But the Pentagon’s profligacy was insufficient to restore Lockheed’s financial health, so the company was dependent on a $250m loan guarantee from the federal government. This came after the company was reimbursed $757m in cost overruns on the C-5A and several other projects. Ernie Fitzgerald described it as ‘the great plane robbery’.
In the midst of the C-5A foul-up, Lockheed had another disaster on its hands, the Cheyenne helicopter. Described as an aircraft that could take off and land like a helicopter, the Cheyenne experienced a tripling of costs and constant technical problems, resulting in the crash of a prototype in March 1969, killing the pilot. Lockheed was unable to fix the problems and the contract was cancelled, with nearly half a billion dollars in public money washed down the Lockheed drain. This debacle was made worse by the revelation that Lockheed’s selection was the result of a significant conflict of interest. Willis Hawkins, the army official whose office awarded the contract, had only left the company’s executive suite two years previously. Hawkins had sold his stock in the company when he joined government but continued to receive deferred compensation. This conflict appears even more damaging when considering that Lockheed had never built a helicopter before. As the Cheyenne programme was imploding, Hawkins returned to Lockheed along with his assistant, General W. Dick Jr. Mendel Rivers defended Hawkins, arguing that Congress should not find ‘guilty every businessman who comes down here’.
This instance of the revolving door between government and defence contractors was just the tip of the iceberg: a 1969 report released by Senator Proxmire’s office found that over 2,000 military officers had gone to work for major defence contractors as of that year. Lockheed led the way with 210 former military officers on its payroll. Proxmire described this practice as ‘a real threat to the public interest because it increases the chances of abuse. . . . How hard a bargain will officers drive when they are one or two years away from retirement and have the example to look at over 2,000 fellow officers doing well on the outside after retirement.’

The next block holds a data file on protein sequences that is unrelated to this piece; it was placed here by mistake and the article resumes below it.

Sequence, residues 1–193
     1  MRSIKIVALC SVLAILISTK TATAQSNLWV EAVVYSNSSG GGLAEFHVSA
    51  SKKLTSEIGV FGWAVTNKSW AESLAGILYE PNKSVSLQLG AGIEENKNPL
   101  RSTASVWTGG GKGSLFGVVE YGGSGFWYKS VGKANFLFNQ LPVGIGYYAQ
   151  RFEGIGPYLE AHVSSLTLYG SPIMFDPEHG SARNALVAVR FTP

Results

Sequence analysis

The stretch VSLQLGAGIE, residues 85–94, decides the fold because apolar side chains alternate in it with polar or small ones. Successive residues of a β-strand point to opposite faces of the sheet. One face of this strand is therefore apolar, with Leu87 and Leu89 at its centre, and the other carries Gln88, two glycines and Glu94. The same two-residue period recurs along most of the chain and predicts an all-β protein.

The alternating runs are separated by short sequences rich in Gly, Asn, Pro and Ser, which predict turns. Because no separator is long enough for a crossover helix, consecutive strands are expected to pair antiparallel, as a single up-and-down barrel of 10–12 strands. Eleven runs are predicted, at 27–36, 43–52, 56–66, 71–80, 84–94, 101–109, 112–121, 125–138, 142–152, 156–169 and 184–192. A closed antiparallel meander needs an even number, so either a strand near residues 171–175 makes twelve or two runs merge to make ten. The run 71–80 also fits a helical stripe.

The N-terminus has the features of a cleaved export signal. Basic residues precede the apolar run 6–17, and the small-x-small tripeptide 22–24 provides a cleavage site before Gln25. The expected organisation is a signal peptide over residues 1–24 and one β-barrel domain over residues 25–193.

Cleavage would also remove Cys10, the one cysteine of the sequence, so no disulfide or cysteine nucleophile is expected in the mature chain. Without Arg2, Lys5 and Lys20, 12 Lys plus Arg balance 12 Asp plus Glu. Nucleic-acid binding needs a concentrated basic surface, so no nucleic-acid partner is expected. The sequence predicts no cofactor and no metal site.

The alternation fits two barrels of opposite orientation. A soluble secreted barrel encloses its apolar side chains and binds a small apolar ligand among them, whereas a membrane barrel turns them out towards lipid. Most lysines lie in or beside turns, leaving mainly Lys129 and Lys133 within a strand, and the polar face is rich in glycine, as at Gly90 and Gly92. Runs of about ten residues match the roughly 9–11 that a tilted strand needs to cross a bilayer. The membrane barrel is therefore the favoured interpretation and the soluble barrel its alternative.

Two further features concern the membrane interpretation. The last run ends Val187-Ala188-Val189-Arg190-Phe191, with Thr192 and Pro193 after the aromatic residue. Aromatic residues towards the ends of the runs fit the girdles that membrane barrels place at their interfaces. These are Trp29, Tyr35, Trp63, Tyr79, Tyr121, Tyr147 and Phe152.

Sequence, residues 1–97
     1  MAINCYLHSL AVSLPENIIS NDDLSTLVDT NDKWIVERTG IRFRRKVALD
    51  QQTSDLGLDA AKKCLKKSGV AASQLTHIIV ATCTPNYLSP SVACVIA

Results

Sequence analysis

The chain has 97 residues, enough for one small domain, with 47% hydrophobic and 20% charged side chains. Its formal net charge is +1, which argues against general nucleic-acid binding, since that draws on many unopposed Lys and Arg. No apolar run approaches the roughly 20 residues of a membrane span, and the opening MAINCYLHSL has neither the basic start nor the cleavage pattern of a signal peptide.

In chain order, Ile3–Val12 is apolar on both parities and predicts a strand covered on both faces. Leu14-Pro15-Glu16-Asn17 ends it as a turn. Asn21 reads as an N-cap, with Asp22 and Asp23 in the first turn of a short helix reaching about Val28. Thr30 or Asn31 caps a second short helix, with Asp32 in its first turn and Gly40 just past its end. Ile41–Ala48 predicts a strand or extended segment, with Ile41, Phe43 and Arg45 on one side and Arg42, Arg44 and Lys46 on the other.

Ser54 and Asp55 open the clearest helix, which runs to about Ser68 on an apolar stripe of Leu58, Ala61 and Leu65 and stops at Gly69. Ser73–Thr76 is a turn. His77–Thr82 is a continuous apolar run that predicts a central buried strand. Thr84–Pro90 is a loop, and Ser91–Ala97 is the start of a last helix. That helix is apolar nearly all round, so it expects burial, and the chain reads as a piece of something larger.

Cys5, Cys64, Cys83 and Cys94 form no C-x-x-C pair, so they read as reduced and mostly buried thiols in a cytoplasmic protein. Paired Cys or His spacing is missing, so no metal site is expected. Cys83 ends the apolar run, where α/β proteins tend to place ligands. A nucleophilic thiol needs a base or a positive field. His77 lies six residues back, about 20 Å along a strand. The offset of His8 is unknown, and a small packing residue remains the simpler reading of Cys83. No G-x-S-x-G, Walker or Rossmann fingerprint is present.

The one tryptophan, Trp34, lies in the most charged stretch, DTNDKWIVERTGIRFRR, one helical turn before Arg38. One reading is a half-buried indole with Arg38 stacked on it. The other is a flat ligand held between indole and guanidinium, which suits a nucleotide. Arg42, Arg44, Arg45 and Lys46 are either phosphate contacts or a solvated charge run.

Lockheed’s CEO, Dan Haughton, in arguing for the federal bailout of the company, described the C-5A programme as an unqualified success that resulted in ‘the greatest airplane that had ever been built, without question’. The successful lobbying for the loan guarantee, in which the Nixon administration played a crucial role, was driven as much by pork barrel politics as ideology or the merits of the case. An otherwise liberal Democrat, Alan Cranston of California, the centre of Lockheed production of its commercial airliner, sang the company’s praises. He extolled the virtues of the relationship between the Pentagon and defence contractors, whom he described as ‘quasi-governmental companies dependent largely on defence contracts . . . [ just as] our country is dependent on them in this world of deadly, sophisticated weapons, for national defense and security’.